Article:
In this article we're going to devote some space to a very neat little circuit that not enough designers know about.
Synchronising from a slower clock domain into a faster one is an easy thing to do, and most designers are familiar with the common two- or three-stage shift register that accomplishes this for a single signal. However, passing information from a faster clock to a slower one is a different matter. How can this be done? The subject came up during a VHDL course at a well-known physics research establishment, where an engineer wanted to capture very fast pulses from a sensor. These pulses were very much shorter than his system clock period, but the maximum pulse rate would be quite a lot slower than the system clock. How could he reliably provide a synchronous pulse count to the rest of the system?
The answer lies in a circuit invented a few years ago by Rob Weinstein, (then with Memec) and christened the "flancter" by his colleague Mark Long. Rob's application note described a circuit that allowed a status flag to be set in one clock domain and cleared in another, and this is a useful thing to be able to do. Rob's note describes interfacing FPGA logic with a processor, each running with its own clock.
Let's have a look at the basic flancter first of all. It consists of a twisted ring of two flipflops with their outputs xor'ed.
When set_clk is triggered the output flag goes high and when clr_clk is triggered the flag goes low. So far, so good. There is one particular issue with the flancter that all applications must work with: operating the set and reset flip-flops must be mutually exclusive in time. That is to say, once the set_clk has been triggered and the flag set, it must not be triggered again until the flag has been cleared. Similarly, once the flag is cleared by clr_clk, it must not be cleared again until it has been set. Establishing this kind of interlocked protocol is the main task facing anyone wanting to use a flancter.
How can we use it to count our rapid pulses? We will use the flancter to detect the pulses and some other logic to count them. But there is something else to think about: the pulse-detect flag is asserted whenever an event arrives, and that is most certainly not synchronous with the sysclk. Hence we have some exta work to do, so synchronise the detect flag into the system clock domain before using it. In general, the output from a flancter must be synchronised into any clock domain that uses it, which may mean both the domain that sets the flag and the domain that clears it.
So what does our design look like overall? Here’s the block diagram:
A little explanation, as the diagram makes the design look more complicated than it really is. The counter, synchroniser and control blocks are pretty simple and are in fact a little dull:
All these are clocked by the system clock.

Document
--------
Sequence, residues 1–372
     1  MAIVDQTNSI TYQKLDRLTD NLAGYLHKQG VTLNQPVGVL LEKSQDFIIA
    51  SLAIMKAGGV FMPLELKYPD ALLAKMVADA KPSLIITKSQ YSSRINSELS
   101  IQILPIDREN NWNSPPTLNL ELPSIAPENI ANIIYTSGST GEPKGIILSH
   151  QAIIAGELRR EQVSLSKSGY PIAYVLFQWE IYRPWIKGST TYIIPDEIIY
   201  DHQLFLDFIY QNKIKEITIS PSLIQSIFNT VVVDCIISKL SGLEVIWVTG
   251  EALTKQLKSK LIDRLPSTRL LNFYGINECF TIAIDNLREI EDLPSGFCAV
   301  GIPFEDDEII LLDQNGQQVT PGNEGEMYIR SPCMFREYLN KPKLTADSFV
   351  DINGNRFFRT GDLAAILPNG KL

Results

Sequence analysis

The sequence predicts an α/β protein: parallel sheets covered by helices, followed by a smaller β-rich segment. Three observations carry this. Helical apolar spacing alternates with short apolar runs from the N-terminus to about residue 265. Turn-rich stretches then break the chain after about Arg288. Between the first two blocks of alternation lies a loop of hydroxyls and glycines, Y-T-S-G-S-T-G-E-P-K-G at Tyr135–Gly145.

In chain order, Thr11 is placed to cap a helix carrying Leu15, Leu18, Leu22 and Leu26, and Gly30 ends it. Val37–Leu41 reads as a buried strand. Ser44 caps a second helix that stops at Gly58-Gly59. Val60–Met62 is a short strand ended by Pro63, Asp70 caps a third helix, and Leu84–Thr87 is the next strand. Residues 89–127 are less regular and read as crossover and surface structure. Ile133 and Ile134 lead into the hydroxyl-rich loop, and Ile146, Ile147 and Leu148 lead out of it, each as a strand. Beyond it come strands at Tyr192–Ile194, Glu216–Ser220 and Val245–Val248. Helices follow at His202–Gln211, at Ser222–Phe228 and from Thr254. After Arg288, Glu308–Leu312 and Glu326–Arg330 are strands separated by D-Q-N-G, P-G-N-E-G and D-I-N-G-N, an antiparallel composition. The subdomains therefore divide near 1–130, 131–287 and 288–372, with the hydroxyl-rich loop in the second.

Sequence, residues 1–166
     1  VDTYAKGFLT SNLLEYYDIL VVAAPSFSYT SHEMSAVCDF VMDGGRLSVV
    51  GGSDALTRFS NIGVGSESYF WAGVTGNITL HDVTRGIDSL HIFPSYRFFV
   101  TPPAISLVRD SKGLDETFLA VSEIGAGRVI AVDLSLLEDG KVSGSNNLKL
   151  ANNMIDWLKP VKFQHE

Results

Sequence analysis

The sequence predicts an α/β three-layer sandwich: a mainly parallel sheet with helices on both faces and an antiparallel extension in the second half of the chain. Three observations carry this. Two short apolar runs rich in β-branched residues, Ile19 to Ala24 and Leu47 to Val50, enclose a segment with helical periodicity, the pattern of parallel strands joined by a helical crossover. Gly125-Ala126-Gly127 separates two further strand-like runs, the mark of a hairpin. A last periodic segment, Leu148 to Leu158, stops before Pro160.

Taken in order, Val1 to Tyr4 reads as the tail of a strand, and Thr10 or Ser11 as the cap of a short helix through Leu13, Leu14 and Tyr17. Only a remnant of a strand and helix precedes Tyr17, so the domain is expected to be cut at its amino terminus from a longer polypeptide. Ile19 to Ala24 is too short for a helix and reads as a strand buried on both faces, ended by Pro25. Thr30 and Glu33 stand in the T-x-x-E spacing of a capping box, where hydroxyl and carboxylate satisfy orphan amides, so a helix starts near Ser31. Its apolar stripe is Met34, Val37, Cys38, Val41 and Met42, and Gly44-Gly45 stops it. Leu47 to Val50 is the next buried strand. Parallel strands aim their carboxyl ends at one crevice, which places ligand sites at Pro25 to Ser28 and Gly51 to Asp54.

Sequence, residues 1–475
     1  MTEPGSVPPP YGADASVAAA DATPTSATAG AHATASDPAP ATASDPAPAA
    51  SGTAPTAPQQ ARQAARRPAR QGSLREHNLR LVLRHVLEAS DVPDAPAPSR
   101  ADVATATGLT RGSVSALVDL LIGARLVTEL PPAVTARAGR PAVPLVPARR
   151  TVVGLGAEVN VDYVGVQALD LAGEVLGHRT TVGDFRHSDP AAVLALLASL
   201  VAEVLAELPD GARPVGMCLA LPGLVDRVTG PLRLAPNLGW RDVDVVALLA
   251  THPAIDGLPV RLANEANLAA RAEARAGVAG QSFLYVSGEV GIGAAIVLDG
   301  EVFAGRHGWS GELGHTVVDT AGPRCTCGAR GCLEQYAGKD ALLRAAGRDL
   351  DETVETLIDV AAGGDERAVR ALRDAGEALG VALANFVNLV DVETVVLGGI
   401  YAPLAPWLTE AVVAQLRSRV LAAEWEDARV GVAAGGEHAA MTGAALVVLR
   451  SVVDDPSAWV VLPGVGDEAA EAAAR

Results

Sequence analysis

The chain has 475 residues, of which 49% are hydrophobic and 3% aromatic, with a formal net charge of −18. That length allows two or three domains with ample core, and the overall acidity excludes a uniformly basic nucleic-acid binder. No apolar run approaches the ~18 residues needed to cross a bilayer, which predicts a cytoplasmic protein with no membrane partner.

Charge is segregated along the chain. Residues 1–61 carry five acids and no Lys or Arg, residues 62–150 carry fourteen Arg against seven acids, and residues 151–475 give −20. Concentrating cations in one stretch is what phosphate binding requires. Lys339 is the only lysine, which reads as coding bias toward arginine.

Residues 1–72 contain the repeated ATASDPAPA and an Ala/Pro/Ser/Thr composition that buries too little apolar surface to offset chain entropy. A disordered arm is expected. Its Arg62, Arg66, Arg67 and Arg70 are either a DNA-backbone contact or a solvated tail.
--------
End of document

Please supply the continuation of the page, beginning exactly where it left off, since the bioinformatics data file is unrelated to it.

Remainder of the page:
The flancter is the interesting bit, and needs more care in understanding (it needs more care in physical implementation, too, but we'll get to that in a moment). The trig input clocks the set_clk flop. When this occurs and the flag has been synchronised, the control block
In this application the clr_clk of the generic flancter is the system clock. We’d really like to keep the number of clock domains down, and with this arrangement we have just one special clock domain with just one flop in it. That is the trig input and the set flop.
Here's where we get to the implementation considerations. Trig is a clock, and must be treated as such. Most FPGA tools will automatically identify it as a clock and route it through a global clock buffer, but this might not be correct for you. How many "proper" clock domains do you have? Is that at or close to the number of global clock resources available in your device? You have to know the answers to these questions.
What we have presented here is a counter for short-duration asynchronous events. The counter requires that events are seperated by at least 6 system clock cycles. The events themselves must be detectable by a flipflop in the target device; check your data sheets for the minimum 'high' width requirement for a flipflop clock pin. A quick scan of a few FPGA data sheets indicates that a minimum pulse width of a nanosecond or so is not wildly inaccurate.
The flancter should be in every designer's toolbox of useful circuits, and we hope we've shown why.
Click here to download VHDL and/or Verilog source code for this example and this page in PDF format. As a service to engineers (and because it's become hard to find on the web) we are also hosting the original Memec Designs application note describing the flancter. All credit is duly given to inventors and copyright holders but if anybody has a problem with us providing this appnote then please get in touch. Rob, if you're out there...
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